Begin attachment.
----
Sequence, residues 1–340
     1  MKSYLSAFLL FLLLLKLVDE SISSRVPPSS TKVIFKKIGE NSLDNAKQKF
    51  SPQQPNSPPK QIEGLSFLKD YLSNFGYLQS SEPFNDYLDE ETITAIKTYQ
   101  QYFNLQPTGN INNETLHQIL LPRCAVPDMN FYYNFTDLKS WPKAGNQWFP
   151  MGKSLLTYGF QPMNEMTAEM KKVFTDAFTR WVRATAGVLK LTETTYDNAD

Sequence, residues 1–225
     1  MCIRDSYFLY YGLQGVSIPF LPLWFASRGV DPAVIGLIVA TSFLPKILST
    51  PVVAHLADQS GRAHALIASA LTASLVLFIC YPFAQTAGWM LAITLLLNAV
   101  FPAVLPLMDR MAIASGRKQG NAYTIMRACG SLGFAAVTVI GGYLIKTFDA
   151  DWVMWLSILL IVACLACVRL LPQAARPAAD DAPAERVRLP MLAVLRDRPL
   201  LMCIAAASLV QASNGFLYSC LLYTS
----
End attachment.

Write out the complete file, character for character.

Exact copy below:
Sequence, residues 1–340
     1  MKSYLSAFLL FLLLLKLVDE SISSRVPPSS TKVIFKKIGE NSLDNAKQKF
    51  SPQQPNSPPK QIEGLSFLKD YLSNFGYLQS SEPFNDYLDE ETITAIKTYQ
   101  QYFNLQPTGN INNETLHQIL LPRCAVPDMN FYYNFTDLKS WPKAGNQWFP
   151  MGKSLLTYGF QPMNEMTAEM KKVFTDAFTR WVRATAGVLK LTETTYDNAD

Sequence, residues 1–225
     1  MCIRDSYFLY YGLQGVSIPF LPLWFASRGV DPAVIGLIVA TSFLPKILST
    51  PVVAHLADQS GRAHALIASA LTASLVLFIC YPFAQTAGWM LAITLLLNAV
   101  FPAVLPLMDR MAIASGRKQG NAYTIMRACG SLGFAAVTVI GGYLIKTFDA
   151  DWVMWLSILL IVACLACVRL LPQAARPAAD DAPAERVRLP MLAVLRDRPL
   201  LMCIAAASLV QASNGFLYSC LLYTS